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International Monetary Fund. Monetary and Capital Markets Department
Much of the work of the Financial Sector Assessment Program (FSAP) was conducted prior to the COVID-19 pandemic. Given the FSAP’s focus on medium-term challenges and vulnerabilities, however, many of its findings and recommendations for strengthening policy and institutional frameworks remain pertinent. This report reflects key developments and policy changes since the FSAP mission work was completed, and includes illustrative scenarios to quantify the possible implications of the COVID-19 shock on the solvency of systemically important financial institutions (SIFIs). Prior to the COVID-19 pandemic, the Danish authorities had taken important steps to improve financial system resilience. The authorities had actively used macroprudential tools to bolster the robustness of the financial system. The supervision of the banking and insurance sectors had improved. Likewise, recent legislation has strengthened anti-money laundering and combating the financing of terrorism (AML/CFT) supervision. Major reforms such as a new bank resolution framework had also considerably improved Denmark’s financial safety net and crisis management frameworks.
International Monetary Fund. Monetary and Capital Markets Department
The Danish authorities’ efforts to strengthen cross-border anti-money laundering and combating the financing of terrorism (AML/CFT) supervision continue to gather momentum. Since the Fund’s publication of a Selected Issues Paper on this subject in June 20192, the Danish authorities have made significant progress, including by conducting or participating in three multinational on-site inspections of banks; developing a new institutional risk assessment model; issuing an AML/CFT on-site inspection manual; and, via Act No. 1563 (2019), amending several pieces of legislation so as to bolster the monitoring and enforcement powers of the Danish Financial Supervisory Authority (DFSA), establish additional reporting requirements for the private sector, and stiffen the penalties for violations of AML/CFT obligations.
Mr. Ashok Vir Bhatia, Ms. Srobona Mitra, Mr. Shekhar Aiyar, Luiza Antoun de Almeida, Cristina Cuervo, Mr. Andre O Santos, and Tryggvi Gudmundsson
This note weighs the merits of a capital market union (CMU) for Europe, identifies major obstacles in its path, and recommends a set of carefully targeted policy actions. European capital markets are relatively small, resulting in strong bank-dependence, and are split sharply along national lines. Results include an uneven playing field in terms of corporate funding costs, the rationing out of collateral-constrained firms, and limited shock absorption. The benefits of integration center on expanding financial choice, ultimately to support capital formation and resilience. Capital market development and integration would support a healthy diversity in European finance. Proceeding methodically, the note identifies three key barriers to greater capital market integration in Europe: transparency, regulatory quality, and insolvency practices. Based on these findings, the note urges three policy priorities, focused on the three barriers. There is no roadblock—such steps should prove feasible without a new grand bargain.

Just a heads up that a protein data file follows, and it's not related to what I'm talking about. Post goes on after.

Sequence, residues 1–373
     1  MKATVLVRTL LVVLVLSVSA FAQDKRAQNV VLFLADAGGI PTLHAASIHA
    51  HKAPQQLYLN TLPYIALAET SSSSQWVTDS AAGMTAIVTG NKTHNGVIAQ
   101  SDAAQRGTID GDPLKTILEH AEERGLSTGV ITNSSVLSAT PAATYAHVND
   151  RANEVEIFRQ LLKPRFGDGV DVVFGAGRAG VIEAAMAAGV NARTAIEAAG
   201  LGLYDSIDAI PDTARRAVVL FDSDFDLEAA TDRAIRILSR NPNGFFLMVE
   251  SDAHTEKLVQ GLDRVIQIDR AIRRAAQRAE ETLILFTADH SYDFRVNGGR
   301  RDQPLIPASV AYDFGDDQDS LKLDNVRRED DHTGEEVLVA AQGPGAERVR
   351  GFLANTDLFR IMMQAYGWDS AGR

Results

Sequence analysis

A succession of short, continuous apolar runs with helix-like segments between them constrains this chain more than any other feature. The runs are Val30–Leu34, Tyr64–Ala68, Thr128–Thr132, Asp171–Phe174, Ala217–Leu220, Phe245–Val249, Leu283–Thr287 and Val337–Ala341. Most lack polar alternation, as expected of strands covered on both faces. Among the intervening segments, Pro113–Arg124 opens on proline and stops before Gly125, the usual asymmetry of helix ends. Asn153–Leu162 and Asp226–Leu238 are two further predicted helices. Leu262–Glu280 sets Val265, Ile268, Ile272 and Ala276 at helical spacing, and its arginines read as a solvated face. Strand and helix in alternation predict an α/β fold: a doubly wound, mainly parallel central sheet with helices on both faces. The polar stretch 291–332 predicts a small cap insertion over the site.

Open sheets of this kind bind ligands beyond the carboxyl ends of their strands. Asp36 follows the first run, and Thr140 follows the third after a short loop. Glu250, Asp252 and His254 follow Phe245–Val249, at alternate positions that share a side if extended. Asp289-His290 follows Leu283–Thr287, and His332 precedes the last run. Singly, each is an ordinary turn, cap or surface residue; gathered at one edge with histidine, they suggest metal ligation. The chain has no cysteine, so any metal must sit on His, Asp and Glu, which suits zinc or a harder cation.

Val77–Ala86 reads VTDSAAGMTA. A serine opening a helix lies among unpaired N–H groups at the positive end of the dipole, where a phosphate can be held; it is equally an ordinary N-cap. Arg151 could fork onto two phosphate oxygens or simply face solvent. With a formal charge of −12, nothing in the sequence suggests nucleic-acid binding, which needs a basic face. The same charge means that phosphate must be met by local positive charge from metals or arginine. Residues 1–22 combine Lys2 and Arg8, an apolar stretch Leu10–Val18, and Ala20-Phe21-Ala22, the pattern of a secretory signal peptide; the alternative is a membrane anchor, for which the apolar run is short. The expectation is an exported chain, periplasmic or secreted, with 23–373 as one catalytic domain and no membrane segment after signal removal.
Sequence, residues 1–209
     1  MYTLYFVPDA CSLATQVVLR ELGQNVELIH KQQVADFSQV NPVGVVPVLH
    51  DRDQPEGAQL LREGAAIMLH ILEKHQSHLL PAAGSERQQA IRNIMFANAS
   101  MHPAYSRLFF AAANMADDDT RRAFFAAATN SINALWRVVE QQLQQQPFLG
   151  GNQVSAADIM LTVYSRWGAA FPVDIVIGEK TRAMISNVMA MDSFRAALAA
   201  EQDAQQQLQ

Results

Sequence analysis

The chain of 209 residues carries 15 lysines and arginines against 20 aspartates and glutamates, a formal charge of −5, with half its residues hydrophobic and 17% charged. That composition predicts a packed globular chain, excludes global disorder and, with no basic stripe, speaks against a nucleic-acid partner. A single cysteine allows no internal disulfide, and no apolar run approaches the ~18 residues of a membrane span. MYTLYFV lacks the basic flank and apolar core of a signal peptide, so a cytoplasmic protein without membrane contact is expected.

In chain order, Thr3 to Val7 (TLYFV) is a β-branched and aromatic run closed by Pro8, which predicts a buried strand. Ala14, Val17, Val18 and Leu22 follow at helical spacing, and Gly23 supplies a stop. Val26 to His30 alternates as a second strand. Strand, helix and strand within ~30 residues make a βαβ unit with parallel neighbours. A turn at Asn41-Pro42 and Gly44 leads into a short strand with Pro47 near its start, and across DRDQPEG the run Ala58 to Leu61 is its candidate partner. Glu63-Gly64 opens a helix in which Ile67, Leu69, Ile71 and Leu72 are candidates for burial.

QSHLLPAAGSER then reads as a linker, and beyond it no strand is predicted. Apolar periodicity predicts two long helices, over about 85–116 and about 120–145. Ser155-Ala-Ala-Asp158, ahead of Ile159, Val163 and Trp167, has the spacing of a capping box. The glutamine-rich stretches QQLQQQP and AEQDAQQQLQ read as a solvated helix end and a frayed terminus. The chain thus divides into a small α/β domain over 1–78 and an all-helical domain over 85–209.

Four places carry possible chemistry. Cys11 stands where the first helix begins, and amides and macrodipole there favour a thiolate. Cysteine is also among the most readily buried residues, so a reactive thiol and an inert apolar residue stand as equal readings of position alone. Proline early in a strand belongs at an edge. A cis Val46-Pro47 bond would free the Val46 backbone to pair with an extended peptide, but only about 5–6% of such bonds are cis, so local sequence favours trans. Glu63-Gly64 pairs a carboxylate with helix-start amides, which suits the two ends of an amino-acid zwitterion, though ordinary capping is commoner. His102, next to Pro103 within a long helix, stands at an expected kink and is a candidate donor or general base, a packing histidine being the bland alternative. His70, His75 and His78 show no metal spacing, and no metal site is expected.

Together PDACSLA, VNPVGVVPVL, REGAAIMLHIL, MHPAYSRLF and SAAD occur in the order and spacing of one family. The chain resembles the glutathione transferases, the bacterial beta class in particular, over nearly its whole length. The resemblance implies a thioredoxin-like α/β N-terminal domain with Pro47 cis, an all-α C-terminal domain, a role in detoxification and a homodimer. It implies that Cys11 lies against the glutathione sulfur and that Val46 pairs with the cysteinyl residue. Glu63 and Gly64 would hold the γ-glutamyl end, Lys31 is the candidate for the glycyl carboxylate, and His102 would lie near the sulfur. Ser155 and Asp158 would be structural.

Signe Krogstrup and Cédric Tille
The literature on the drivers of capital flows stresses the prominent role of global financial factors. Recent empirical work, however, highlights how this role varies across countries and time, and this heterogeneity is not well understood. We revisit this question by focusing on financial intermediaries’ funding flows in different currencies. A concise portfolio model shows that the sign and magnitude of the response of foreign currency funding flows to global risk factors depend on the financial intermediary’s pre-existing currency exposure. An analysis of a rich dataset of European banks’ aggregate balance sheets lends support to the model predictions, especially in countries outside the euro area.
International Monetary Fund. European Dept.
This 2017 Article IV Consultation highlights that the economy of Lithuania has been gathering momentum, following sluggish performance in 2015 and most of 2016. Real GDP expanded by 3.9 percent in the first quarter of 2017 after rising by 2.3 percent in 2016. Strong private consumption, on the back of robust wage growth and low inflation that supported purchasing power, has long been a main driver of growth. Building on recent momentum, economic growth should be strong in 2017, rising to 3.2 percent. Improving external conditions and a turnaround in European funds absorption, as well as high capacity utilization, should spur exports and investment.
International Monetary Fund. European Dept.
This paper mainly examines fiscal decentralization, credit-loss recovery, and unemployment in Croatia. The degree of expenditure and revenue decentralization in Croatia appears limited relative to its peers. At about 16 percent of general government spending, subnational government spending in Croatia is modest compared to other southeastern European countries and to the EU-28 average, and particularly low compared to the most decentralized countries in the EU. Croatia’s recovery since late 2014 has been moderate. Croatia’s recession lasted six years and was thus the longest among the new EU member states. Croatia’s structural and cyclical unemployment rates are very high, at about 11.5 percent and 5 percent respectively in 2015.